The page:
At COP23 in Bonn, Germany, representatives of small islands and of countries with important coastal areas had called on the international community to do more to protect the oceans. <br/> Photo: Thomas Imo/phototek.net

At COP23 in Bonn, Germany, representatives of small islands and of countries with important coastal areas had called on the international community to do more to protect the oceans.
Photo: Thomas Imo/phototek.net

Germany supports better ocean protection

At the World Climate Summit in Bonn, Germany’s Federal Ministry for Economic Cooperation and Development (BMZ) has announced that it is raising its contribution to the Blue Action Fund, thus boosting its global marine conservation efforts.

Germany’s Development Ministry will be contributing an additional twelve million euros to the Blue Action Fund for nature conservation. According to the BMZ, this money could for example be spent on designating new marine conservation areas in developing countries or on sustainable small-scale fishing and sustainable tourism.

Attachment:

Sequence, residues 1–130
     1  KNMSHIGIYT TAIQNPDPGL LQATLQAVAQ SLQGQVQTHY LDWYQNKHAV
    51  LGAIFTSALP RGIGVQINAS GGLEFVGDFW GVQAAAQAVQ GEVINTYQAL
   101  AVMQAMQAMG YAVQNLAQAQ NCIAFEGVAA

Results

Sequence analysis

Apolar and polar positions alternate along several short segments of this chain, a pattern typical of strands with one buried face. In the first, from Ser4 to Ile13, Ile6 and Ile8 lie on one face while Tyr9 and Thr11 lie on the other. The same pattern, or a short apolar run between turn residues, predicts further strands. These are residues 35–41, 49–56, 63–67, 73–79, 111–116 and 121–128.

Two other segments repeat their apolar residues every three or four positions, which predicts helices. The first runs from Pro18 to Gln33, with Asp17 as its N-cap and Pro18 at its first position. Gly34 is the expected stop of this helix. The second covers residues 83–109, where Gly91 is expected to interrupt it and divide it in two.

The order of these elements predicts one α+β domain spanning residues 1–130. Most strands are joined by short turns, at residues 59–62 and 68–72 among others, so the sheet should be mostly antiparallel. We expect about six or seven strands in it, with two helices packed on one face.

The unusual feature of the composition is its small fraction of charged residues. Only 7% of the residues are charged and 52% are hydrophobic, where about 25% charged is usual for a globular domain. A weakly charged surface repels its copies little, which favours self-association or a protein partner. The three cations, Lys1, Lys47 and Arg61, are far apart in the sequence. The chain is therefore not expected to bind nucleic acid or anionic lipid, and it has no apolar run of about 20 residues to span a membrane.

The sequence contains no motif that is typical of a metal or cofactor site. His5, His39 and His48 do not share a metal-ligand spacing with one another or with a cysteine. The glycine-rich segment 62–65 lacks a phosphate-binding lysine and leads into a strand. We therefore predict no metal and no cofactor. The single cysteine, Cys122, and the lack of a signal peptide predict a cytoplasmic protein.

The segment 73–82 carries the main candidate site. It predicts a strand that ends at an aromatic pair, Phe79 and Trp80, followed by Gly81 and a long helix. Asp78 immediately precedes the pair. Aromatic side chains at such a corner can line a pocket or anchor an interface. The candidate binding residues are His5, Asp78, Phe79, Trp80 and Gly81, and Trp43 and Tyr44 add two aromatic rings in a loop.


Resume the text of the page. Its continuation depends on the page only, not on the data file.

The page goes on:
At the World Climate Conference, Federal Development Minister Gerd Müller explained on the 15th November that marine conservation was a survival issue for humankind as a whole. Without the oceans and seas, we would run out of air, for they produced half of the oxygen available world-wide and stored a quarter of global CO2 emissions.

In all, the German Development Ministry was contributing more than 400 million euros to developing countries for marine conservation and the sustainable use of seas and oceans, Müller noted.

Fiji and other small island nations had called on the international community in Bonn to do more to protect the oceans. In future negotiations, oceans and seas should therefore play a more central role.

Terrestrial life depends on healthy oceans, and this applies not only to the island nations. However, climate change is heating up the oceans and raising their acidity, which harms marine organisms. The dying of the coral reefs also spells the end of habitats for important fish stocks. In developing countries, fishing contributes to the livelihoods of 500 million people and provides them with valuable food. Sea-level rise and cyclones, which are becoming stronger and stronger, are also having a particularly severe impact on Island nations such as Kiribati, Palau or the Maldives.
 
(BMZ/wi)